Ocado strikes deal with US grocer Kroger, full-year profits rise for National Grid
The FTSE 100 is expected to open 10 points lower on Thursday, having closed up 0.15% at 7,734.20 on Wednesday.
Stocks to watch
Ocado Group has won a contract with US grocery giant Kroger to exclusively provide its online grocery expertise across multiple distribution warehouses across America. Kroger will buy a 5% stake in the FTSE 250 company as well as paying monthly exclusivity and consultancy fees that Ocado said will "offset in part" the total fees expected to be agreed, while the pair will sign a services agreement including loans to fund the building of "multiple" warehouses across the US.
National Grid reported a 4% improvement in underlying operating profit in its full-year results on Thursday, to £3.5bn, and a 6% rise in constant currency, while its statutory operating profit was ahead 9%, also at £3.5bn. The FTSE 100 energy infrastructure operator said its underlying earnings per share were 60.4p for the year to 31 March - a rise of 3% on 2017 when adjusted for the separation of the Cadent gas distribution business on a proforma basis.
Private equity outfit 3i on Thursday said full year net asset value rose 724p a share from 604p as the return on shareholders funds fell to 24% compared to 36% in 2017. The group's total return for the year was £1.42bn compared with £1.59bn a year earlier.
The transport secretary was under pressure to act over at least four struggling rail operators last night after announcing plans to renationalise services on the east coast main line. Chris Grayling was warned that other companies were in trouble after failing to improve rail services or attract enough passengers, amid suggestions that the entire privatised system must be overhauled. Those in the firing line include Northern Rail, South Western, Transpennine Express and Greater Anglia. - The Times
President Trump will use post-Brexit trade talks to force the NHS to pay more for prescription drugs in an attempt to lower prices for American patients that could cost Britain billions. A few weeks ago Theresa May refused to rule out opening up NHS services to private American companies as part of a trade deal. - The Times
The outsourcing giant Capita has put patients at risk of serious harm after taking over NHS England’s administration service, Whitehall’s spending watchdog has found. Failures resulted in 87 women being notified incorrectly that they were no longer part of the cervical screening programme and may have compromised patient safety, according to the National Audit Office (NAO). - Guardian
British-based clearinghouses should not be forced to move to the European Union after Brexit, a senior European Parliament lawmaker has said in a sign of a softening of Brussels’ hardline stance over the institutions' euro transactions. The EU is mulling changes to its rules for clearing houses, the majority of which are in London, which could lead the biggest being forced to establish EU headquarters. - Telegraph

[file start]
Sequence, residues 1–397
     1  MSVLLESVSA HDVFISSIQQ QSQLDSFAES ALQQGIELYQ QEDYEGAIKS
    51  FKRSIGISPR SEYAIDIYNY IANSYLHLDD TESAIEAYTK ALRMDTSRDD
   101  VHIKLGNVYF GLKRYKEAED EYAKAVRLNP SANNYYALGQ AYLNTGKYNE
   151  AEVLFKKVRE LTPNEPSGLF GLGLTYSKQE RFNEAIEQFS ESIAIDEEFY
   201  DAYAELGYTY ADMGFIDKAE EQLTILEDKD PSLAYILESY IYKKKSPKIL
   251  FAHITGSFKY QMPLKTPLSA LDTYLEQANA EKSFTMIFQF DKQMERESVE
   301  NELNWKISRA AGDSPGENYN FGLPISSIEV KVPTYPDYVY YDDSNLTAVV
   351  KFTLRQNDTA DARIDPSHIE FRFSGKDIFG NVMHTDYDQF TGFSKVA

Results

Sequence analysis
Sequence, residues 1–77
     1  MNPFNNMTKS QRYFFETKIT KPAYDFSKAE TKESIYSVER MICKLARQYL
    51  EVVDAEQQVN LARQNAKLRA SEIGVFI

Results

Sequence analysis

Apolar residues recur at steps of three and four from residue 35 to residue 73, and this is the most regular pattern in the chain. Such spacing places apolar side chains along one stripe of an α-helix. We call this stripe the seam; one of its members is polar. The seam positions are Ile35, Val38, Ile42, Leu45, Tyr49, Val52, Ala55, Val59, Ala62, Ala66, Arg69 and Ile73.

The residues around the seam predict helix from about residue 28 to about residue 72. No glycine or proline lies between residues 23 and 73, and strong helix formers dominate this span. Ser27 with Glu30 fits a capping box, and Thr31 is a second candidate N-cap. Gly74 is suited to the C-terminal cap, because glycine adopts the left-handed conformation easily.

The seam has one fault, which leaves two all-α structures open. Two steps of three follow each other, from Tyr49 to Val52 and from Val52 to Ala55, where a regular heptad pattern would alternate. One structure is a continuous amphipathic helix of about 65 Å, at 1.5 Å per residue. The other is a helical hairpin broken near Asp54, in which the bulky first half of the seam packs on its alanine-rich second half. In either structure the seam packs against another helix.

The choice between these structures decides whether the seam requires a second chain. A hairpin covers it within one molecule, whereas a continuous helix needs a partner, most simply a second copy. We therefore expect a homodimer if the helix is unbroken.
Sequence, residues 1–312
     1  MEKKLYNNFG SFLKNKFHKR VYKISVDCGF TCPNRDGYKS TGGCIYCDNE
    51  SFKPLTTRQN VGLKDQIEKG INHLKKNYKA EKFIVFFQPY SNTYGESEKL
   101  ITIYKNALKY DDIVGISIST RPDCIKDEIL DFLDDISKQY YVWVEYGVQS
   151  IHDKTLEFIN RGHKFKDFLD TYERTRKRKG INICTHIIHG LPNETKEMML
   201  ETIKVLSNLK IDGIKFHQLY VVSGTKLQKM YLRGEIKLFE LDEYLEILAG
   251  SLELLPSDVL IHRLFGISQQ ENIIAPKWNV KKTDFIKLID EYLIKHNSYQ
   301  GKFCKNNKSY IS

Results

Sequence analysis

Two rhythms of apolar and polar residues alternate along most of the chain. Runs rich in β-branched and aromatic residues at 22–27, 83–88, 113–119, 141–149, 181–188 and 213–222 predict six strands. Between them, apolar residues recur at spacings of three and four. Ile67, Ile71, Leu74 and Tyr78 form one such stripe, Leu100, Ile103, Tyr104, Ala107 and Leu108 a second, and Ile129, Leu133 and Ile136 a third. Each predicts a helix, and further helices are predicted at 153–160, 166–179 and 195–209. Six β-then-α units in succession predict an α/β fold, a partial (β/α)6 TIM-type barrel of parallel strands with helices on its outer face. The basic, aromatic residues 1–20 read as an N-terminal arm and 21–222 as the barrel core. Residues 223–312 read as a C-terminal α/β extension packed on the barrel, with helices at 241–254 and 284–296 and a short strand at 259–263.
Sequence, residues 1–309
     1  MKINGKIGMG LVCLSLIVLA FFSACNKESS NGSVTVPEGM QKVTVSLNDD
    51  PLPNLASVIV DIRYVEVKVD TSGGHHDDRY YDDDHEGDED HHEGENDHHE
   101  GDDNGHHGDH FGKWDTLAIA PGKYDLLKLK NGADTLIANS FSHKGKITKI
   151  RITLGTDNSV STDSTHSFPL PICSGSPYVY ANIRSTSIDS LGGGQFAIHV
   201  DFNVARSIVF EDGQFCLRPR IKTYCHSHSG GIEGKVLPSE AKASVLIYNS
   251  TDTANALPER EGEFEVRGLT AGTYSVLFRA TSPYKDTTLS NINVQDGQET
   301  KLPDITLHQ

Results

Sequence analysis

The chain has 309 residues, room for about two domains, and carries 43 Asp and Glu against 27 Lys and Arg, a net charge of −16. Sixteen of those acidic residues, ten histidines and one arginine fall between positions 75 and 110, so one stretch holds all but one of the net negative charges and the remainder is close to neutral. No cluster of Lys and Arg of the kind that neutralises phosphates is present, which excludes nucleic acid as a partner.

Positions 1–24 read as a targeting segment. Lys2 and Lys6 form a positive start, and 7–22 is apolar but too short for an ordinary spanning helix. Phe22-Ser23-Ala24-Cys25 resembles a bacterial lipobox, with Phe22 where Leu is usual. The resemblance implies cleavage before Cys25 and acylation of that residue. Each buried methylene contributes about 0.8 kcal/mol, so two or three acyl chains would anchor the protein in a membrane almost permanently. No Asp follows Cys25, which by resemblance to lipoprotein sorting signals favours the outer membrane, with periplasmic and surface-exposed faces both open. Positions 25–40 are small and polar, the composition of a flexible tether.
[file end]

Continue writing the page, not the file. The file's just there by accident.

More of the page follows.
Buy-to-let lending has fallen by a fifth over the past year as taxes on second homes, the removal of interest relief and tougher standards for lenders drained credit from the market. Lenders issued 5,500 buy-to-let mortgages for new purchases in March, a drop of 19.1 percent on a year earlier, according to UK Finance, the umbrella organisation for banks and building societies. The value of loans fell by 20 percent to £800 million. - The Times
The government will announced its final decision on whether to curb stakes on fixed-odds betting terminals (FOBTs) on Thursday, with the maximum bet widely expected to be cut to £2. The machines have become a focal point for campaigners’ concerns about problem gambling and the potential for racking up large losses on machines that currently allow players to bet £100 every 20 seconds. - Guardian
Wall Street ended Wednesday in the green, even as investors keep an eye on bond yields and geopolitical concerns weigh on sentiment.
The Dow Jones Industrial Average was ahead 0.25% at 24,768.93, the S&P 500 added 0.41% to 2,722.46, and the Nasdaq 100 rose 0.6% to 6,929.97.
Stocks ended lower on Tuesday as the yield on the 10-year Treasury note crept back above 3% - to its highest point since 2011.
“Though the Fed's Williams reiterated his stance as regards the need for three to four rate hikes from the Fed this year, the move looks to have been prompted by a firm retail sales print for April (+0.3%) while March figures were revised to show growth of 0.8%,” noted analysts at Rabobank.
They added that the joint probability of a September and a December hike is now around 50%, higher than it has ever been this year.
Also weighing sentiment was news that North Korea has suspended talks with South Korea over the continuation of military drills with the US, and threatened to pull out of a planned summit with the US if it continues to pressure it to unilaterally abandon its nuclear weapons programme.